1.) So Denton singer-songwriter Jessie Frye is attractive, and she’s not afraid to flaunt her sex appeal. More power to her. That shouldn’t attenuate –– or amplify –– the fact that she’s a talented pianist, singer, and songwriter. She blew up the stage at the most recent Edgefest, and if she’s not on mod-rock radio nationwide soon, then commercial radio –– and the commercial radio infrastructure –– needs to have its head checked. Experience her for yourself tonight (Wednesday) with Dear Boy and headliner Kitten at Club Dada (2720 Elm St., Dallas, 214-744-3232). Tickets are $12-14.
2.) Alice Cooper has always been kinda meh. Take away the facepaint –– that 90 percent of the Hit Parader-reading public never even saw in person –– and all you had was some watered-down, weakly drummed paper-metal. Except for one friend, just one, no one I knew growing up in “The Coop”’s heyday of the 1970s had any interest in him. At the time of his poor attempt at post-glam relevancy (circa the hair-metal ’80s), we pimply faced, dying-to-be-macho tween boys had moved on to louder, faster, more bombastic sounds, including Iron Maiden, the resurgent Deep Purple, and Motley Crüe. At least the last for a little while. By the time “Home, Sweet, Home” came out, we had all grown terribly bored of Vince Neil and company, their otherwise blistering brand of punk-metal (“Live Wire”!!!) reduced to sappy balladry and MTV ass-kissing. Neither The Coop nor the Crüe has done anything worthwhile in eons, but you know a gazillion people will pile into Gexa Energy Pavilion (1818 1st St., Dallas, 214-421-1111) tonight (Wednesday) for the big Crüe/Coop show. And why not, I guess. Alice Cooper was awesome in Wayne’s World, and there’s a good chance that Tommy Lee will bust out a miraculous drum solo. If “Live Wire,” “Too Fast for Love,” “Red Hot,” “School’s Out,” and “18” aren’t played, concertgoers should ask for their money back.
3.) Fort Worth/Arlington quartet Tame … Tame & Quiet appears to have had the great misfortune of being badass before Facebook took over all of our lives. I’ve been covering local music for more than 12 years, and if there’s a more groundbreaking, face-melting post-punk band in North Texas, I’ll dip my naked ass in the Trinity River. Knotty, locomotive, and catchy, the brainchild of frontman Aaron Bartz was way ahead of the curve, doing that bubbly, arpeggiated guitar-thing that Fort Worth’s Cleanup and Denton’s Two Knights have made a living out of. (And thanks for that. Both bands are great.) If you see one show in Dallas on Thursday, make it TTXQ with the French band Catalogue and some guy DJ Keith P at City Tavern (1402 Main St.).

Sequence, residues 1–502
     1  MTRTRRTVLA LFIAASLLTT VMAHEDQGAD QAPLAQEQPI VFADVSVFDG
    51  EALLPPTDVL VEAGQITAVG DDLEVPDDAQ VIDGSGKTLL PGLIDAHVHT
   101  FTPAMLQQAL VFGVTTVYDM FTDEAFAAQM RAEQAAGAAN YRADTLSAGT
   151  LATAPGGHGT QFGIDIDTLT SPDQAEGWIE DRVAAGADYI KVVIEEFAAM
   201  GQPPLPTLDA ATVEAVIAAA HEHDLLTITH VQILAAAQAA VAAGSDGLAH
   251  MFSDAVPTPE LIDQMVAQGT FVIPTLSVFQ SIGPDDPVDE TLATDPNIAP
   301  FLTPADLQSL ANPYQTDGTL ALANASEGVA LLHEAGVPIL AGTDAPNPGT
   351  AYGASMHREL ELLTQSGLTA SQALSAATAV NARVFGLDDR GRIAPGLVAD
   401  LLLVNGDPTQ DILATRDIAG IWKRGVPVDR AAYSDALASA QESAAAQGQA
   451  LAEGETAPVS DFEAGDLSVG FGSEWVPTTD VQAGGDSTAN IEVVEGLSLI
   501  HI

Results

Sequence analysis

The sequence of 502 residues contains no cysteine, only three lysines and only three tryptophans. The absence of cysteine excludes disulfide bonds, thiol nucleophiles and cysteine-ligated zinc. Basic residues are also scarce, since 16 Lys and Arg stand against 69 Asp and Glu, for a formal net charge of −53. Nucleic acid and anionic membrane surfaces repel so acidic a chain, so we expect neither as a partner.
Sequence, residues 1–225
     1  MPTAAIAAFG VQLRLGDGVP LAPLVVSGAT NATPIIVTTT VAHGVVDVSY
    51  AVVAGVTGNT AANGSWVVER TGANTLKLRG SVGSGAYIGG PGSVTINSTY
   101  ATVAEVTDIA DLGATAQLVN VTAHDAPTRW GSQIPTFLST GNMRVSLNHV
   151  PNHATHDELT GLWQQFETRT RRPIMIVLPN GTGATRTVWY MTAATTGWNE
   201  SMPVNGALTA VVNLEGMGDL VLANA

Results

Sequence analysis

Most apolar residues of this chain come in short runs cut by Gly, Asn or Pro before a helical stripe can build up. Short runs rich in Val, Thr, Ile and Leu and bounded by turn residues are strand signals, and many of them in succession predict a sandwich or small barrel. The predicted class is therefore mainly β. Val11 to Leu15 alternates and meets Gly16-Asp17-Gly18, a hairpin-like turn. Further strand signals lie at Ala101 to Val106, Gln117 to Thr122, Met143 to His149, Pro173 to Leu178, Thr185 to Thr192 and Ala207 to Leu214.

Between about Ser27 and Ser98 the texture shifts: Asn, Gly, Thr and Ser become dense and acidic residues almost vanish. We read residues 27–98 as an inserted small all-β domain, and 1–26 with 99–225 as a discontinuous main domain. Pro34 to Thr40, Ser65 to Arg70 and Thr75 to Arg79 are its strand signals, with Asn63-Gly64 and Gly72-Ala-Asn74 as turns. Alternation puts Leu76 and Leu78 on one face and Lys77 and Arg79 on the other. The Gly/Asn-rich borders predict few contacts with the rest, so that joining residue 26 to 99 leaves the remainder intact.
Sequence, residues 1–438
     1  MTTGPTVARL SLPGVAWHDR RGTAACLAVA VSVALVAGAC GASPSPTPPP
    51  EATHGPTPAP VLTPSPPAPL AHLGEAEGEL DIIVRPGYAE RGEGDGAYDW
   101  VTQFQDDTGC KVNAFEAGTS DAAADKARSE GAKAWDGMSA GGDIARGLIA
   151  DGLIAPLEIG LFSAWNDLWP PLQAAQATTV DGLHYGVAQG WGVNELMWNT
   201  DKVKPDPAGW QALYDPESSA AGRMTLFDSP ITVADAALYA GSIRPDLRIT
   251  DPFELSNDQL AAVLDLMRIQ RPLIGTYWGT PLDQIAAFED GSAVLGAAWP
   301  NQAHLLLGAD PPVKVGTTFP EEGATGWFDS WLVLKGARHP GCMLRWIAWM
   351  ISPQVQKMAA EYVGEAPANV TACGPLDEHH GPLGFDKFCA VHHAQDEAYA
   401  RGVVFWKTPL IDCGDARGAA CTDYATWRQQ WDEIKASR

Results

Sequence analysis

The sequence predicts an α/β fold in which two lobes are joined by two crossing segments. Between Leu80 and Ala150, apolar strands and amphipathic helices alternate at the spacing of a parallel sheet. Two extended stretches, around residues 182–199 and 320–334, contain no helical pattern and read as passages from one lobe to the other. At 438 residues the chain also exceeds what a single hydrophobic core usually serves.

The show is all TTXQ has lined up, Bartz said, adding that he and his band mates have been practicing as often as possible and working on new material, some of which the band will perform at the show. The band, Bartz said, is still working around bassist Pat Ferguson’s schedule –– he’s a military officer based in San Antonio.
4.) Fred’s Texas Café (915 Currie St., 817-332-0083) will be gloomy and doomy on Thursday night. That’s when True Widow guitarist/songwriter D.H. Phillips from Big D takes the stage with Fort Worth shoegaze giants The Cush. No cover!
I’d like a Fredburger with cheese and the ghost of a teenage Civil War soldier’s tears, please. Thanks.
5.) Some people named Beyoncé and Jay-Z will be at AT&T Stadium (1 Legends Way, Arlington, 800-745-3000) at 8 p.m. on Tuesday, in case you still live in 1999 or are 14 years old (or are the parent of a teen or teens). Tickets are $40.50-251.
And while we can dismiss $80,000-per-song music as frivolous and painfully vacuous, and I have, and I will, it has its place in Francis Fukuyama’s “cultural capitalism.” One beautiful young woman shaking her ass and putting men in their place may be tired and clichéd to us (and it is), but to some young girl in the Middle East or China, it’s a rallying cry against oppression. Just as Beyoncé (and Rihanna and Iggy Azalea and Miley Cyrus) intended, I’m sure. Go, internet!